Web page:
Item response theory (IRT) models estimate a latent underlying quantity for individual units (legislators, judges, students) based on a series of binary indicator variables for each unit (votes, decisions, test answers). The basic two parameter IRT model is given by:

\begin{align} \text{Pr}(y_{ij} = 1) = \text{logit}^{-1}(\beta_j\theta_i - \alpha_j) \end{align}

Where $$\beta_j$$ is the discrimination parameter for indicator $$j$$, which determines how much a one or zero on this indicator tells us about subject (country, legislator, respondent, etc.) $$i$$’s latent construct $$\theta_i$$ and $$\alpha_j$$ is a baseline difficulty parameter for indicator $$j$$ that $$\theta_i$$ must overcome for us to observe a one.

## Estimation in R with MCMCpack

We’re going to fit a one dimensional IRT model on the UN Voting Data from Bailey, Strezhnev, and Voeten (2017), using countries as the unit of analysis. Following their analysis, the latent construct will be alignment with the US led liberal world order. Our indicators are UN General Assembly votes, and we’re going to limit our analysis to 2015 so we don’t have to deal with changes in alignment over time.

library(MCMCpack) # load first becuase MASS::select() conflicts with dplyr::select()
library(tidyverse)
library(countrycode)

# read in UN voting data

# subset just to voting data
UN <- UN %>% filter(year == 2015) %>% select(ccode, vote)

# reshape data and assign country names
votes <- plyr::ddply(UN, 'ccode', function(x) t(x$vote)) %>% mutate(ccode = countrycode(ccode, origin = 'cown', destination = 'country.name')) %>% replace_na(list(ccode = 'Vietnam')) # Vietnam is the only failure to match We’re going to treat abstentions as no votes, and absences as missing data (these data illustrate the limitations of canned code; a more accurate model could use a categorical logit instead of a binomial one because states often abstain for reasons separate from voting yea or nay). # recode vote values and convert to matrix data_mat <- votes %>% select(-ccode) %>% apply(2, function(x) ifelse(ifelse(x %in% 2:3, 0, x) >= 8, NA, ifelse(x %in% 2:3, 0, x))) # add rownames to votes matrix for presentation rownames(data_mat) <- votes$ccode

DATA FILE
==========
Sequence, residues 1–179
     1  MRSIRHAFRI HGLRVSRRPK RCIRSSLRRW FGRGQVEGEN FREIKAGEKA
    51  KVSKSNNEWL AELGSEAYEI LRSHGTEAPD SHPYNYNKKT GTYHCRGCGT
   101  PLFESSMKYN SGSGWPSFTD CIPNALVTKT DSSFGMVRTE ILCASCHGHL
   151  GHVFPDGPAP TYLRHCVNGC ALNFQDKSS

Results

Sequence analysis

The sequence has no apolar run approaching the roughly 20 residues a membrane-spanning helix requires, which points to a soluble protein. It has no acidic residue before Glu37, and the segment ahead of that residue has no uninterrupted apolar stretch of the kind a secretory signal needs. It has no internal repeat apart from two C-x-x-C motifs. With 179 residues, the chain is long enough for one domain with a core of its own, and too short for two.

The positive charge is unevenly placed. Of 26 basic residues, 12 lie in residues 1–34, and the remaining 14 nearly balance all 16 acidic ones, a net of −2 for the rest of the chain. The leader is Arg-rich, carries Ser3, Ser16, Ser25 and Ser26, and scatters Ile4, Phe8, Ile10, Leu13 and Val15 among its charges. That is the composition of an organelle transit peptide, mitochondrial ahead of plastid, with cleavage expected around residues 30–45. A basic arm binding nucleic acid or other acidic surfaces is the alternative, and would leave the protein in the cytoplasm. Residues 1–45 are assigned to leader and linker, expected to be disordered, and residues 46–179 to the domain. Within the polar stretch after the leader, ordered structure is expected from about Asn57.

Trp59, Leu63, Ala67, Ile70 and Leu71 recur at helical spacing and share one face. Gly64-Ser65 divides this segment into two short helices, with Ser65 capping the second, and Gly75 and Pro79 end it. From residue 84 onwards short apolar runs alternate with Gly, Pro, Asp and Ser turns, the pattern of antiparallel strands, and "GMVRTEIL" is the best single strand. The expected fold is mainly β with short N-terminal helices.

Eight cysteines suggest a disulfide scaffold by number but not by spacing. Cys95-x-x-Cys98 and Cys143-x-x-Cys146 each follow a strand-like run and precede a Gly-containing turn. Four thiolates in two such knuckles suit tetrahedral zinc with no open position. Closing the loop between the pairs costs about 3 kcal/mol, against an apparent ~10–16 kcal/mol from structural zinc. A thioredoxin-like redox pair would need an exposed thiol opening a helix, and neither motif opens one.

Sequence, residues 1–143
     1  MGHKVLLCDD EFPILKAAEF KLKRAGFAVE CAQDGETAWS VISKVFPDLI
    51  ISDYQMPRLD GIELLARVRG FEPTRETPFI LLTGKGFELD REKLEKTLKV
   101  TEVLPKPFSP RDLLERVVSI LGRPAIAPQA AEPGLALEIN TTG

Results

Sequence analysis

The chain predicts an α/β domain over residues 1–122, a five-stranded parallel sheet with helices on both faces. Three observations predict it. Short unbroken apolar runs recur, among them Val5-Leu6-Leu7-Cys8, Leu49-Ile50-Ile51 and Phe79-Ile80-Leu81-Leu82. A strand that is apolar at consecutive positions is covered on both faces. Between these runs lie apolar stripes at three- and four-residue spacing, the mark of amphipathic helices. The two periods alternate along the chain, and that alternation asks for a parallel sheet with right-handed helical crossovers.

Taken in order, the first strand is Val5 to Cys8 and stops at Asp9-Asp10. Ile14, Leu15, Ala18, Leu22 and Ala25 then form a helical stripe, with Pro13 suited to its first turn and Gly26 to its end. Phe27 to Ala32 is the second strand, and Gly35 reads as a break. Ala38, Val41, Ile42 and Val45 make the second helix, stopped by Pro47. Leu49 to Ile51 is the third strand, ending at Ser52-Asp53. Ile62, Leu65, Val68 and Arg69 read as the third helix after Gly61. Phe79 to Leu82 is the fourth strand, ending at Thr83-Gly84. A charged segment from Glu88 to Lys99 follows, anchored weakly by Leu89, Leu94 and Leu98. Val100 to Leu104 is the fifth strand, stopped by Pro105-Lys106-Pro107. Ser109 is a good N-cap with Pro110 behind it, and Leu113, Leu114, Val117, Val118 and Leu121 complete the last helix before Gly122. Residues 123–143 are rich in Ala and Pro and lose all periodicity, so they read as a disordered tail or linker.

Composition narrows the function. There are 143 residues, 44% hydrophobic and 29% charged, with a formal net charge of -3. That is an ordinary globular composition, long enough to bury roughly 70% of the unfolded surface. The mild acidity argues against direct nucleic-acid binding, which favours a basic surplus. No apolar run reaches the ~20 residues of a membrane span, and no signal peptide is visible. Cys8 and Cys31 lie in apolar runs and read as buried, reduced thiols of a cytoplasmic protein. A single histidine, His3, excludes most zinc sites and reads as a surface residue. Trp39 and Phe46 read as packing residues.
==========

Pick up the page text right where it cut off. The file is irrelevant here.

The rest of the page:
The last step is to run our model. In order to identify the model, we need to impose some sort of restriction on the data. We can hard-code the alignment values of certain countries, constrain two or more countries’ alignments to opposite signs, or specify starting values for the MCMC sampler which place two countries on different sides of zero. Let’s constrain the signs of two countries we know to be opposed since that is less restrictive the the first option and simpler than the third one.

# fit IRT model, fixing Cuba and US to be opposite signs
irt <- MCMCirt1d(datamatrix = data_mat,
theta.constraints = list('Cuba' = '-', 'United States' = '+'))

The ggmcmc package contains several useful functions for extracting data from mcmc objects and plotting results. The ggs() function collects information on MCMC samples into dataframes that can be used by functions like ggs_caterpillar() to produce summary plots.

library(ggmcmc)

# get estimates for plottig
irt_dat <- ggs(irt)

# coefficient plot
ggs_caterpillar(irt_dat, family = 'theta')